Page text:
It's educating the audience.
-And I love a guy
coming in with an eloquent British accent doing a hick taxi
driver. That was really cool.
R- (doing it again) Oh yeah?
- Well plus, I think
that if it were to be back on stage, say for example on Broadway.
would be so passionate and inspired because people have become
so enamored with the film.
The production values would have to be high. We have toyed with
the idea of dropping it in Vegas for a while and putting it
back into, into the consciousness.
-It'd be a blast.
Get Tom Cruise.
R- Tom. I tell you who'd really like to do it- David Hasselhoff.
He's been trying for years, he'd love to do it. Yeah, I'd like
to see him in the heels. Strut your stuff, David! Do your Thang!
-I don't think I'd
want to see that. I don't know. I can think of a lot of people
I'd LIKE to see in that role, but not David.
R- Would you like to share that with us?
- I'll make you a
-Let's go to Susan,
she's on line 5. Susan?
-You're on the air.
Susan- How're you
Susan- Uh, I just
fell in love with that bit of a song you had. What is the name
of the CD so I can go out and buy it?
R- It's called Absolute O'Brien. Yeah.
record stores, popular record stores that push up the prices
Susan- That's the
way it always is. But I just fell in love with that small cut.
that's nice. I was very lucky. I got a very good producer. Now
I was supposed to go and do this album and get out in three
weeks. Because it was a stage show, most of it is from a stage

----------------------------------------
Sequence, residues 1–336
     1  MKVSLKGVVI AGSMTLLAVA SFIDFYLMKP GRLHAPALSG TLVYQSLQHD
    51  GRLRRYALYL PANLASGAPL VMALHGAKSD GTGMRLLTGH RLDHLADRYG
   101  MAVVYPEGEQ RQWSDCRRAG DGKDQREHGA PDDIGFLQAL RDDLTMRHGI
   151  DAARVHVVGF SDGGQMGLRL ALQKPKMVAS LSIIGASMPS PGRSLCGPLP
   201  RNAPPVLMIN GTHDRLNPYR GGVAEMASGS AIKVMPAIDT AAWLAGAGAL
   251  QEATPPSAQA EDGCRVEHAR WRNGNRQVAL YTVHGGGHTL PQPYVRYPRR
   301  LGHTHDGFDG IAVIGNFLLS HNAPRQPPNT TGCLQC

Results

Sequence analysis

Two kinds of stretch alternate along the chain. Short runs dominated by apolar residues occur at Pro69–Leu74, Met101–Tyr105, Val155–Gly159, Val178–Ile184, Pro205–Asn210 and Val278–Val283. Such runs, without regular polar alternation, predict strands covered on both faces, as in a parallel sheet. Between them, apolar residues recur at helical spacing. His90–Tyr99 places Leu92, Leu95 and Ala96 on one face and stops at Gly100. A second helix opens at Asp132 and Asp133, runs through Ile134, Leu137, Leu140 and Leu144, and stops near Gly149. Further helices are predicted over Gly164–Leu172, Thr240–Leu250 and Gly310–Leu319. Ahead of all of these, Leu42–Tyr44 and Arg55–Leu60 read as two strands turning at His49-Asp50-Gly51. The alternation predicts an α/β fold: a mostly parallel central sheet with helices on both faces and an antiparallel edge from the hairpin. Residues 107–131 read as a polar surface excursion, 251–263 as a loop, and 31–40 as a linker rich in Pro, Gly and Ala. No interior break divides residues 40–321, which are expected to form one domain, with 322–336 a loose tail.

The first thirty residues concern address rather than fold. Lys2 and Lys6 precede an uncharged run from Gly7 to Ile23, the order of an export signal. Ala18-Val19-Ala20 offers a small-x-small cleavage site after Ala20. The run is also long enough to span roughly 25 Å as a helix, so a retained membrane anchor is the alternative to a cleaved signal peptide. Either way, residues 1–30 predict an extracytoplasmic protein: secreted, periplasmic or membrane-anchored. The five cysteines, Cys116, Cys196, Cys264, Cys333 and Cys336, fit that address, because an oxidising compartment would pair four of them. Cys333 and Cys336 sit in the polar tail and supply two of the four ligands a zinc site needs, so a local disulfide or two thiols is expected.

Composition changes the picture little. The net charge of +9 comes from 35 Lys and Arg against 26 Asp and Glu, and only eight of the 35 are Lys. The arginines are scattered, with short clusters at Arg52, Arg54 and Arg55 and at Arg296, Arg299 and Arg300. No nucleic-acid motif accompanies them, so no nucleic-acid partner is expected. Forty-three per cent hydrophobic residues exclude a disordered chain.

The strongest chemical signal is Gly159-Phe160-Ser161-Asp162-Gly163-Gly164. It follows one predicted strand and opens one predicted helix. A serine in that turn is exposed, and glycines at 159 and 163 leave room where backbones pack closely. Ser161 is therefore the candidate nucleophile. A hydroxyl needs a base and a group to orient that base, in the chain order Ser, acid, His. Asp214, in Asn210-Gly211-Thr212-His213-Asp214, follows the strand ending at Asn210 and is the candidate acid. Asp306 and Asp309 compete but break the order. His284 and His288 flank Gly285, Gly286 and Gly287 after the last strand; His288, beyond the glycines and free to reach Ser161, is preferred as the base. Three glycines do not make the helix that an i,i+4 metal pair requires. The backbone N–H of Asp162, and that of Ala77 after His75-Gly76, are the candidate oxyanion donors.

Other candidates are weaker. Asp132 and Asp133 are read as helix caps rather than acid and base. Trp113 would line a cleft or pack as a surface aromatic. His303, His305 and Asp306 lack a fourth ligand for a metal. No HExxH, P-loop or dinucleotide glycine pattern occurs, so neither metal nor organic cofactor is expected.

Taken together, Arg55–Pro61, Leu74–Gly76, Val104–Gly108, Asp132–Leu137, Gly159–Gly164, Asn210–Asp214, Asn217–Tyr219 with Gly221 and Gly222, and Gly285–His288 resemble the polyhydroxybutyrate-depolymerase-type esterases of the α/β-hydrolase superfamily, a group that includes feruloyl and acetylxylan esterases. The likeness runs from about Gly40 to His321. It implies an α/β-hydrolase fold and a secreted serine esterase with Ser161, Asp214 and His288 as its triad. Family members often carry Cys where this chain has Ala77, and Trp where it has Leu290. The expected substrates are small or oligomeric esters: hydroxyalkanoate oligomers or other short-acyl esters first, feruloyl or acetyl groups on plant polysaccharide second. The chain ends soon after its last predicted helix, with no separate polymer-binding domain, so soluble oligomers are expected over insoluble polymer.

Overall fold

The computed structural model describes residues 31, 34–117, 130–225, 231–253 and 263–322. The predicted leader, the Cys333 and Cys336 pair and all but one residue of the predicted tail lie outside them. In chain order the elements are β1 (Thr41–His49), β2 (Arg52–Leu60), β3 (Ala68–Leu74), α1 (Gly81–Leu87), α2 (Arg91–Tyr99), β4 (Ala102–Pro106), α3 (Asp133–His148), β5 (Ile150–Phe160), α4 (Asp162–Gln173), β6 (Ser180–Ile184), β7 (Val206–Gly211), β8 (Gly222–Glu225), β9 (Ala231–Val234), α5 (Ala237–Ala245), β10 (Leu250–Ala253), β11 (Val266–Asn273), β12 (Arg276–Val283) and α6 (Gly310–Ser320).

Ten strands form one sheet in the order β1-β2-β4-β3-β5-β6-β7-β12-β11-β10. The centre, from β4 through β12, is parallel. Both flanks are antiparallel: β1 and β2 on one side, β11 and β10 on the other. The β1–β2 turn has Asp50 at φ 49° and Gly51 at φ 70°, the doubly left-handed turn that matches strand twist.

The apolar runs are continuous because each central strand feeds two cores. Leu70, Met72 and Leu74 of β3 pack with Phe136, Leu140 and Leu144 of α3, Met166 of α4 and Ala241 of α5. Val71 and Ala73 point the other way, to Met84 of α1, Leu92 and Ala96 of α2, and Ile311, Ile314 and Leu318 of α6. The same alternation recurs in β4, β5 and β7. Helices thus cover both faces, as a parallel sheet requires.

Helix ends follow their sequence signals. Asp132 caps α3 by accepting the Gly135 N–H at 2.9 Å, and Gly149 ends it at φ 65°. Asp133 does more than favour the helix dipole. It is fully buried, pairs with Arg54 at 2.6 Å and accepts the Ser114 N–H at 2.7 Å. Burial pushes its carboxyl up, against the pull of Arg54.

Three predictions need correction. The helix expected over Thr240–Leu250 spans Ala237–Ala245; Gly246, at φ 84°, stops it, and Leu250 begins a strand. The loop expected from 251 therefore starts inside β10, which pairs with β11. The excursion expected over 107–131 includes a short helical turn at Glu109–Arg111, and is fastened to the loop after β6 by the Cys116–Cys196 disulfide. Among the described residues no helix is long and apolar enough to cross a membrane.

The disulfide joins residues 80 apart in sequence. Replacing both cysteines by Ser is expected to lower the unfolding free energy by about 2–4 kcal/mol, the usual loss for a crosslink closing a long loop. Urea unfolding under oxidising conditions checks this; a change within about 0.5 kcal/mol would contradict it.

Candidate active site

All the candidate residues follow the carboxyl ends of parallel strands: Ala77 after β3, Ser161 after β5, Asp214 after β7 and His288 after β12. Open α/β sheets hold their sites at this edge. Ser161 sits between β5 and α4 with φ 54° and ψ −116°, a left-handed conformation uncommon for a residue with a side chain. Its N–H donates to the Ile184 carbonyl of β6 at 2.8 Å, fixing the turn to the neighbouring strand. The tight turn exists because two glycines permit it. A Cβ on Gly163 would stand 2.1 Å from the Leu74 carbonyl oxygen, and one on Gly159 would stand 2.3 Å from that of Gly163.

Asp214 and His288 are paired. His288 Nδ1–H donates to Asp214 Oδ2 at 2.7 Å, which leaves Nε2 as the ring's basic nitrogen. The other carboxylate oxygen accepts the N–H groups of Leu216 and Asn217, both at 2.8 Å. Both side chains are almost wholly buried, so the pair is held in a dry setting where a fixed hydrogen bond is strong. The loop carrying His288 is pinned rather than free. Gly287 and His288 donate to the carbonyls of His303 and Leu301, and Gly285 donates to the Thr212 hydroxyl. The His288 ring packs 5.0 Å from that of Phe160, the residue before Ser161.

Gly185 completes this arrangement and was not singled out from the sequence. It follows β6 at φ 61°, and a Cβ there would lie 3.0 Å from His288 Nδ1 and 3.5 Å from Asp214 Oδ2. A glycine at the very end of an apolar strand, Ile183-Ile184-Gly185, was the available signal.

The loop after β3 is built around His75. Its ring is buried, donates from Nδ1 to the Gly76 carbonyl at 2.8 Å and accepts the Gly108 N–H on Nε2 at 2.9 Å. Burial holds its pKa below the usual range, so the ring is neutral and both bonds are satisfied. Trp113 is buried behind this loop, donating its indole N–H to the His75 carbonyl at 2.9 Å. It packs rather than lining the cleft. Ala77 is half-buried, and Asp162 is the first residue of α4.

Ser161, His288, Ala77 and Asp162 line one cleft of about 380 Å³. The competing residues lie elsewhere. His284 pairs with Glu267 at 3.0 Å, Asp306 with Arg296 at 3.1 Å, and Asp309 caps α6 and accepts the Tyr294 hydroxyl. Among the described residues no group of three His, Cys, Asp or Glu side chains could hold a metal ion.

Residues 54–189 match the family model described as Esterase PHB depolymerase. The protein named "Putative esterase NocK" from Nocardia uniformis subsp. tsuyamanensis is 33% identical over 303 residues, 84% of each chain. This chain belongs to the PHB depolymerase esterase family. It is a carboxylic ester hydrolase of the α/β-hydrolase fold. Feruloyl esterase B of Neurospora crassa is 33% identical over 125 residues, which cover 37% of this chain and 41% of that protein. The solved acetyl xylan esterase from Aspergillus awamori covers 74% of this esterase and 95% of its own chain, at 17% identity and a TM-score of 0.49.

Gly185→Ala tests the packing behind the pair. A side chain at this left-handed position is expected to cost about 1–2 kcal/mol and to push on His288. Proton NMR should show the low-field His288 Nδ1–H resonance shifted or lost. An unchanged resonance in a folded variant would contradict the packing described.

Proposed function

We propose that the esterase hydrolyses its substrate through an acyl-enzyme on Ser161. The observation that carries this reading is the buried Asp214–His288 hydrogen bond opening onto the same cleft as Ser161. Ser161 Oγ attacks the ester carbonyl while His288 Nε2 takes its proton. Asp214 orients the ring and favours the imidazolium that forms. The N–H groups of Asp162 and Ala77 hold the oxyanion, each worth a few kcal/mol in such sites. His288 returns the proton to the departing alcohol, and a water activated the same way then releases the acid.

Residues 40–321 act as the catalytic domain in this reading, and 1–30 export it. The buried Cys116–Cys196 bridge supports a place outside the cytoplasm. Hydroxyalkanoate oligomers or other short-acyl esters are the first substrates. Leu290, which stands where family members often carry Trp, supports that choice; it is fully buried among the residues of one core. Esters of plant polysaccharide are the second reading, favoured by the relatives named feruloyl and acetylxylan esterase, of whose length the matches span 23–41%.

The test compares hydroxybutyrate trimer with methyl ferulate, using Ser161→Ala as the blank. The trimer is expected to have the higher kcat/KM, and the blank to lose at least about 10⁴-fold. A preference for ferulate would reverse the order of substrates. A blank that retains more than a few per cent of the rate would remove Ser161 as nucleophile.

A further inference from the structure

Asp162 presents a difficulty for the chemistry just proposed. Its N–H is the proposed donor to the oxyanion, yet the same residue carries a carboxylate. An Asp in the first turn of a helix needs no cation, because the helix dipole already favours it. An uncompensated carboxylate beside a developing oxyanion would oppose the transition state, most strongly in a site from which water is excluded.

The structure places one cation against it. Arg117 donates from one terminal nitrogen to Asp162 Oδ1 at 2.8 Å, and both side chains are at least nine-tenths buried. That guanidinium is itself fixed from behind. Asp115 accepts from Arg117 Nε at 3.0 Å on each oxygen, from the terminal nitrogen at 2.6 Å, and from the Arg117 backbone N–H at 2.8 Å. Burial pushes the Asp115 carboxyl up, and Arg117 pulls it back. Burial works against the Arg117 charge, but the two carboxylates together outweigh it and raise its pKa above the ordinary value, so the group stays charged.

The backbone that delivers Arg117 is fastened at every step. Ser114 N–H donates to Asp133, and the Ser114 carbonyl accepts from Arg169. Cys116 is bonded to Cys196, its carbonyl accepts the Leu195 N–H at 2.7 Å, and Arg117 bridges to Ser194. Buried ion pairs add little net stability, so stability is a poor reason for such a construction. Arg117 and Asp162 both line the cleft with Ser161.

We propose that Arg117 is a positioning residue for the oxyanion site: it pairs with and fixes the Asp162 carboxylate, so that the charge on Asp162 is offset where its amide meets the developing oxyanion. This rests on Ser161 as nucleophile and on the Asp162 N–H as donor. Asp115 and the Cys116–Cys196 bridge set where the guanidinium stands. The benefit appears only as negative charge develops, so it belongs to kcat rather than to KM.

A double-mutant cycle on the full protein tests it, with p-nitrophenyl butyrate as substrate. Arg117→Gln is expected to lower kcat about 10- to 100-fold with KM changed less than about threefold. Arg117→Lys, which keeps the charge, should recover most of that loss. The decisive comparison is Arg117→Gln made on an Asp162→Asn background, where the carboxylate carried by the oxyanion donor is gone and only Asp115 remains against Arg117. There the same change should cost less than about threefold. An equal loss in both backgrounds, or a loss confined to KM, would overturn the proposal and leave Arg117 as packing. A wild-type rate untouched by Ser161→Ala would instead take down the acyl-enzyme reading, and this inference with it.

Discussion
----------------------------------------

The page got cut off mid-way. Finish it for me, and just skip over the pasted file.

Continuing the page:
show that I had already done with the band . . . and we went
in and uh, about 18 months later, we wound up with this album.
But I was so lucky
with this producer who was expecting to only do three weeks
and went . . . beyond his remit. And the generosity I have found
in this industry is remarkable. People who will go the extra
40 yards for you. And it breaks my heart, the generosity is
so good I sometimes weep with the way these people work. And
Pip Williams of course is well known, he worked with the Moody
Blues and played guitar with the Moody Blues, this is the producer,
and Shirley Bassie he's produced, among others.
-Sounds like you
had a great deal of fun.
learnt an awful lot.
-We're sitting here
with Richard O'Brien, who wrote the Rocky Horror Picture Show
and has a new CD out, Absolute O'Brien.
-You brought your
-What was your plan
don't know. Somebody pushed it into my hands as I came through
the door really, and said "Here, you like these things."
The trouble is, I don't actually know how to play it. I was
taught by Maoris in New Zealand. And Maoris play strangely play
three chord stuff like (here he does a Maori song) Now here's
the interesting part- see that? That's a jazz chord. That's
a ninth. And it suddenly becomes Polynesian, doesn't it. Isn't
But if you put in-
I've written a song using this same chord- Rhythm of the Heartbeat.
(which he of course proceeds to sing)
-Of course I don't